Thanks so much for all the comments on my last post, and sorry I didn’t have time to respond to them all. I was surprised that so many folks have experienced similar reactions to a wide array of activities.
There’s one thing I want to clarify, though. And, like everything I write in this journal, this is just my opinion. You’re welcome (and encouraged) to feel differently.
I didn’t mean to imply that working out at the gym or running were in any way “less” than martial arts or yoga or dance. I truly believe that mindfulness is the key to turning any activity into an art. Although I can “lift weights” haphazardly in my house, a true gym aficionado has elevated the process to art. There is form, technique, breathing… you have to push through the walls, you have to keep learning, changing routines, etc. Running, what little I understand of it, is certainly the same. Technique, form, pushing, mental and physical stamina.
Mindfulness is the key. Being “in” the activity with your mind, body, and spirit. Different people prefer different activities, but I wouldn’t ever presume to say one is better than another. That’s the beauty of it — we’re all on our own paths, and they all wind though the woods in different ways. Your pilates is someone else’s bowling is someone else’s swimming is someone else’s fencing.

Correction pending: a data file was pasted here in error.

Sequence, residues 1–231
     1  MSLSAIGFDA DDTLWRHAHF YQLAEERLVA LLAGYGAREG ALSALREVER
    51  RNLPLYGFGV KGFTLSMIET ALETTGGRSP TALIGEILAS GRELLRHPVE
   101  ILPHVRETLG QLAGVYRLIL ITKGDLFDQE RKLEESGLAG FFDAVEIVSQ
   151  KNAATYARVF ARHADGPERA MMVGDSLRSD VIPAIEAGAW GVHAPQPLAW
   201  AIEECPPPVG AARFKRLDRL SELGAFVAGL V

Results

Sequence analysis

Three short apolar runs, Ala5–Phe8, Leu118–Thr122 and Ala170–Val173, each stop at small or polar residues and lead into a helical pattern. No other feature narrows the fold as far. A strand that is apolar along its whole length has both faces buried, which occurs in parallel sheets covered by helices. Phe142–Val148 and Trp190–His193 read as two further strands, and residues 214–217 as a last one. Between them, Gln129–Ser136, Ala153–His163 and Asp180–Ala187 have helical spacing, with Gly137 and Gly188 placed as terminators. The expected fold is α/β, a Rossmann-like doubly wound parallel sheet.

Ironically, I find myself calling on the word “kung fu,” which does not have anything to do with martial arts. It means “excellence” or “highly skilled” or something similar that you Chinese speakers can enlighten me with. But the point is, you can be a kung fu chef or a kung fu programmer or a kung fu writer. It doesn’t matter where you set your will, it just matters that you set it, that you approach the object of your obsession mindfully, and that you love it with all your heart.